On (multiperspectival) Truth, Gerunds, and the Church of God

I’m muddling my way through RCIA, with much internal argument and tears. [2018 Edit: I bailed six weeks before Easter, and never did finish RCIA. I’m still a protestant, and this is still my conundrum]


For all my Anglican ways….I really am rigidly dogmatic as any sectarian….at least, on two issues in particular. I just know them to be true, as I know my own mother.

(1) The validity and holiness of all devout Christians in various denominations (Calvinist/Reformed, Lutheran, Catholic, Eastern Orthodox, Pentecostal, Baptist, Seventh-day Adventist, etc etc). Though they are mistaken about many things, there is more truth in all of them than can be rationally reconciled, like different map distortions compressing 3 dimensions of a globe into 2 dimensions of a wall map, and each getting some things ‘more right’. Put simply, they are all in the Body of Christ. A devout Christian in one denomination isn’t particularly more (or less) rebellious to the Will of God than a devout Christian in another section of Christ’s Body. Put another way,  God calls different Christians to different denominations, for reasons I do not understand, but must respect. I can disagree, but must respect, and try to understand.


(2) “Idolatry”, or the making of “gerunds” (e.g. turning a verb into a noun, or an action toward an object into a thing unto itself)  is  the major pitfall of the Christian life. We are in a boat, rowing toward the further shore, and we must look to the further shore, not obsess over the boat which is just a means to it.  Anything in us which takes “our faith” and sets it in the place of focussing directly (as we should) on the person of God (and inextricably linked with that, the image of God in all persons)….anything that takes the focus off of that, is wrong. It becomes a sort of “belief in our works”, “belief in our righteousness”, “belief in our faith”, or even “belief in our belief” rather than “belief in God”. It is taking the means/conduit of our connection with God, and making that the thing of focus instead of God himself. It can be anything…. our own intellect, or church authority, or emotional feelings, or even our own “personal relationship” with God instead of God himself. It is all the same pitfall, the same very human mistake that all Christian denominations have been doing, and it is not good. Being Tridentine about “The Church” focusing on it at the expense of God is exactly what hyper-Calvinism does about Reason and human intellect. It is not that we can ‘get by’ without these things–we need them–but they must not become the focus, the thing to be venerated. They must only be the means to Christ, who is adored.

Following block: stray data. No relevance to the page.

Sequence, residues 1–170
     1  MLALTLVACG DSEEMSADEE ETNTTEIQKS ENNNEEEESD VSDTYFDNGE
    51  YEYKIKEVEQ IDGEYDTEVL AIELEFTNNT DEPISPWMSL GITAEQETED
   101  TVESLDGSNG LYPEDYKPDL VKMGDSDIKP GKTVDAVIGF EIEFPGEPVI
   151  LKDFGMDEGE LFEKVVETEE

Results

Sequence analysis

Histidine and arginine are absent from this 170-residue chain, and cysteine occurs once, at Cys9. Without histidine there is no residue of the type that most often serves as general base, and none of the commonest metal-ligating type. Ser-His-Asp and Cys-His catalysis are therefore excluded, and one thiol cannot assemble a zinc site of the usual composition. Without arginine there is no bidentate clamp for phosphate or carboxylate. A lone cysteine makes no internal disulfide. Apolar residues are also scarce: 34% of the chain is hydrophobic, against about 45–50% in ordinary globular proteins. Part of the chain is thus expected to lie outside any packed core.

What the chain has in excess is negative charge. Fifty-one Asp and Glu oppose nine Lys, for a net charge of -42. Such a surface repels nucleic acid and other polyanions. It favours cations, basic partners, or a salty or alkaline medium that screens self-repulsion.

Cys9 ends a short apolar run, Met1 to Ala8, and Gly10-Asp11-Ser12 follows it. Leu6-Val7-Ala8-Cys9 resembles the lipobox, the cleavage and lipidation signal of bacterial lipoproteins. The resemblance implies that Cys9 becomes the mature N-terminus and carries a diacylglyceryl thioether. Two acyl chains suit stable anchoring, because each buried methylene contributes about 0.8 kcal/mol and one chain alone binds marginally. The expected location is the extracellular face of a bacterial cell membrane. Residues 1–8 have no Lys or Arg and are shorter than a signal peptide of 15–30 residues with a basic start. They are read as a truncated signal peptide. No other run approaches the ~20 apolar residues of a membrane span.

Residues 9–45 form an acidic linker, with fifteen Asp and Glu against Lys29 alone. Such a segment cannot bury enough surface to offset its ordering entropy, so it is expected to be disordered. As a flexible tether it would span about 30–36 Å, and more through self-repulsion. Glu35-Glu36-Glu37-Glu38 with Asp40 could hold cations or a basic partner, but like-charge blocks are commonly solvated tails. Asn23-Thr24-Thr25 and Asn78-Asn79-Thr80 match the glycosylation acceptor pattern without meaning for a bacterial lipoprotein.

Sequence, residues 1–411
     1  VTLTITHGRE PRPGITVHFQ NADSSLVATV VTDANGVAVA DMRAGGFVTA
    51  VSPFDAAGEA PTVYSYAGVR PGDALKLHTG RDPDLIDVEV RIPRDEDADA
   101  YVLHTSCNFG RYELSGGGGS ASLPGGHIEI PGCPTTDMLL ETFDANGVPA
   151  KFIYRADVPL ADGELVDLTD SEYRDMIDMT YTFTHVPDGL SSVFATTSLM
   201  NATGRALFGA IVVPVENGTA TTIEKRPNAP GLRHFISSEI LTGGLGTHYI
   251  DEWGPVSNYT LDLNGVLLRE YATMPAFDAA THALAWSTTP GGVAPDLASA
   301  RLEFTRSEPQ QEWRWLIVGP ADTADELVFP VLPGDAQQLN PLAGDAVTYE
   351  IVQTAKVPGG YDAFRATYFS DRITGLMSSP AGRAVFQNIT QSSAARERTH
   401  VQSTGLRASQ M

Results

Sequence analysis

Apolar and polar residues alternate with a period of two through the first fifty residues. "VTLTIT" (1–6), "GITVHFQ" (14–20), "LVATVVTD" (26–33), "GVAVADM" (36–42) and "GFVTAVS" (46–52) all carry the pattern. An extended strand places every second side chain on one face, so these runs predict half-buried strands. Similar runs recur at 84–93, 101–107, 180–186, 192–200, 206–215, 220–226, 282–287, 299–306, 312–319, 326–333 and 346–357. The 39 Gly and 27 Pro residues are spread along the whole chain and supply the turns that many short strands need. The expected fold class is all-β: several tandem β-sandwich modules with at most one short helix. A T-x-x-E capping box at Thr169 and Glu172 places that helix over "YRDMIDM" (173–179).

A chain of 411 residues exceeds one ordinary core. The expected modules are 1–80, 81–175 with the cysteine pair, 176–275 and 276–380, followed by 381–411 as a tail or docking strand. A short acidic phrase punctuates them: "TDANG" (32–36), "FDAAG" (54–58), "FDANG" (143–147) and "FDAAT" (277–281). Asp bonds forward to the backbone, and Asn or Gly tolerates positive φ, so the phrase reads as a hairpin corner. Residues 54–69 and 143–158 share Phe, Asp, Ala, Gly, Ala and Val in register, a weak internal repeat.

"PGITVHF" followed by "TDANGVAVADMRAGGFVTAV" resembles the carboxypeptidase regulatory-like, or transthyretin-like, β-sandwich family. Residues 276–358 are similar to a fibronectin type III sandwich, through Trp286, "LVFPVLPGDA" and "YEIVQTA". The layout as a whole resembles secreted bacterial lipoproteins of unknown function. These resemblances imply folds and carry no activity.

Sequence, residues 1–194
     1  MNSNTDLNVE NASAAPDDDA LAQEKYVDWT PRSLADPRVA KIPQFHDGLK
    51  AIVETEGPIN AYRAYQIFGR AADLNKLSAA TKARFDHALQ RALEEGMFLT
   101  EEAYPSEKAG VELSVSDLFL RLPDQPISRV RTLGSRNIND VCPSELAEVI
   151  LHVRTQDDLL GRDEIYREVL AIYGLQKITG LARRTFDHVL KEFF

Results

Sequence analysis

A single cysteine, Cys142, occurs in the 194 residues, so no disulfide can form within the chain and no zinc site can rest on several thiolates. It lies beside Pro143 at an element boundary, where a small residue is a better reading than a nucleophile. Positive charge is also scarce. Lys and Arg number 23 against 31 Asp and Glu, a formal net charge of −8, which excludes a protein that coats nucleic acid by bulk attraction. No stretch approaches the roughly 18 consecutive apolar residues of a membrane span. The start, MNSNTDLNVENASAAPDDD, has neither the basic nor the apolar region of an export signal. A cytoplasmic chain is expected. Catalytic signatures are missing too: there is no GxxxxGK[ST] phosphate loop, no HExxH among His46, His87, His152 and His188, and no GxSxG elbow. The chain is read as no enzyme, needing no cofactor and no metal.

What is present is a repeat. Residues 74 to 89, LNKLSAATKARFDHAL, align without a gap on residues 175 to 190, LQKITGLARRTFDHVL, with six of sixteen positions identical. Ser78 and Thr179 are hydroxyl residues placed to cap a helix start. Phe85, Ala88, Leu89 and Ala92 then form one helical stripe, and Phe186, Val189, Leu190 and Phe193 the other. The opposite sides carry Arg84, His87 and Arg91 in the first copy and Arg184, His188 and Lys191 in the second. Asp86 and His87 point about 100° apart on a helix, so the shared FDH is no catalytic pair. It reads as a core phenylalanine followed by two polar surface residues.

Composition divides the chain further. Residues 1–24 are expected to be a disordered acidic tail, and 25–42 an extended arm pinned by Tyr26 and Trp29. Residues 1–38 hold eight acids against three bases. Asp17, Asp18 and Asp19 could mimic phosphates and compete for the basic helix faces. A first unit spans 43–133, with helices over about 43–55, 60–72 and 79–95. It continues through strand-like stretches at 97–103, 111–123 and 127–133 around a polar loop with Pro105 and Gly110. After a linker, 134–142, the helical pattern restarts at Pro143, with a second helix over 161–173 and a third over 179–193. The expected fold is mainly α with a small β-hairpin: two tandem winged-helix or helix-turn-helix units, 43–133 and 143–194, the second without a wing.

So…if I ever did join the RC….wouldn’t I be a “crypto-protestant”, one of those sneaky Jansenists decried by the 1911 Catholic Encyclopedia for “their astonishing and absurd duplicity”? How can I believe in (medieval/Tridentine) Indulgences? Nowadays it is beautifully explained as a shared penance, which is far more palatable, but that is not what Indulgences always were. And “The Holy Mother Church”….isn’t that some serious gerund stuff…even anthropomorphizing the conduit? Isn’t anthropomorphizing non-persons dangerous, because won’t that detract from actual persons…

[by the way…. After hearing a sermon on “Holy Mother Church and her infinite wisdom”, my twin grumbled “I resent being loved by big collective nouns.” To which her husband replied, “Spoken like a true American conservative.”]


I feel I can only become Catholic if God personally wanted me  to join, it must not be for my longing for a community, or poetry, but for my Christ. For me, anything else would be a personal betrayal to Him.